Dolly Varden – For A While
2013, Mid Fi
2013, Mid Fi
There is nothing fishy about Dolly Varden. The band, centered on husband and wife team Steve Dawson and Diane Christiansen, has been charming residents for close to two decades. The band recently released their sixth studio album, For A While, weaving subtle story-teller style songwriting with smooth arrangements that run both sides of the Americana road.
Weaving their way through stories of love, heartbreak and remembrance, Dolly Varden shows that they continue to grow in the strength and depth of their art. The band kicks off with the poignant ballad “Del Mar, 1976”, a remembrance of childhood ups and downs that is full of gorgeous imagery. “For A While” shows off the band’s vocal work, with Christensen on lead vocals and Dawson wrapping his voice around hers like a lover’s embrace. “Done (Done)” builds on the band’s disparate approaches. A big, open arrangement with an eminently catchy chorus gets placed upon low key rock verses, creating a sound that’s intriguing and engaging.
Desolate beauty is the phrase that comes to mind when considering “Girl In A Well”. This track will be a tough sell for some, but there is an aesthetic here that cannot be ignored. Dolly Varden shows off their pop sensibilities in “Walking The Chalkline Again”. This is a number that gets inside your head and stays there. “Mayfly” is, in many ways, the centerpiece of the album. It’s an unvarnished love song that is grateful in tone and lyrically plain-spoken, yet cast against a melancholy arrangement that is beautiful and sad all at once. That mix seems like it shouldn’t be able to work, yet it does. “The Milkshake Incident, Part 1” is a brief instrumental that probably deserves an explanation, or at the very least a visual. There is potential here, but one gets the sense that a sense of mystery, not fleshing out the idea, is the artists’ intent.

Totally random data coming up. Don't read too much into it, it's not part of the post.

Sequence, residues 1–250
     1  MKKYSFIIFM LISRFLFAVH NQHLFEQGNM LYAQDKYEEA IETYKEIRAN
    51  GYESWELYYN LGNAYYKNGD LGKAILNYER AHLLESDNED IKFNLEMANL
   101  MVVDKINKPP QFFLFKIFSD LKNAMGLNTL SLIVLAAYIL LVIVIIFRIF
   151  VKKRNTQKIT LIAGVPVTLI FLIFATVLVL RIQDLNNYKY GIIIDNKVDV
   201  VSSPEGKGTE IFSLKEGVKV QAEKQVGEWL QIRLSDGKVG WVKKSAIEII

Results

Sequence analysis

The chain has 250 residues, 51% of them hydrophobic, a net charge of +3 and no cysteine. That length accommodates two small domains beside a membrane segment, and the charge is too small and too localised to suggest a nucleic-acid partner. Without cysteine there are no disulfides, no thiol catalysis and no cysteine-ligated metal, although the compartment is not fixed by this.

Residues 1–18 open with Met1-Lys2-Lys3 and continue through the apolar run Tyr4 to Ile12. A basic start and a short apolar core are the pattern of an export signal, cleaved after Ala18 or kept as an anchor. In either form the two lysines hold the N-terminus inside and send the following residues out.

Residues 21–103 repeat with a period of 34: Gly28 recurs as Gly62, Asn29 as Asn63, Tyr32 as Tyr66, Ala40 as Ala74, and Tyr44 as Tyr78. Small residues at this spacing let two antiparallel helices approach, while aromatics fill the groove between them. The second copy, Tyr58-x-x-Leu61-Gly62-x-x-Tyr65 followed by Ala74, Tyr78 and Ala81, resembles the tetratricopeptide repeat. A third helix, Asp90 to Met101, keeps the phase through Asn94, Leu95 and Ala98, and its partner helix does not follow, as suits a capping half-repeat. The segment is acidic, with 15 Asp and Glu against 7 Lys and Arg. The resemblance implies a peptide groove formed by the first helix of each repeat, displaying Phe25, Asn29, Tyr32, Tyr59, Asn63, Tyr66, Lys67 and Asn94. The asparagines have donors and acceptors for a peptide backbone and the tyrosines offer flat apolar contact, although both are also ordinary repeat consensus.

Diane Christensen once again takes the mic for “Temperamental Compliment”, a dark and edgy (but catchy) number full of angular guitar work. This is ideal material for a movie soundtrack. “Mayfly” aside, “Saskatchewan To Chicago” may be Dolly Varden’s crowning achievement on For A While. A family history ensues, with each step bringing our storyteller closer to where he is today. The tale is bittersweet, yet steadfast in its pragmatic take on change. “Why Why Why” is another standout; the song has hit single written all over it. Doubt, anxiety and discovery are all wrapped up in a brilliant three and a half minutes of songwriting. Dolly Varden closes out with a pair of what might otherwise be B-sides. “Favorite Friend” and “Thank You” are solid enough, but seem woefully out of place here both in style and in sound.
For A While displays Dolly Varden as a band that’s steady in its craft yet continuing to grow artistically. There are some rough edges here, but on the whole For A While is subtly brilliant.
Rating: 4 Stars(Out of 5)Learn more at www.dollyvarden.com.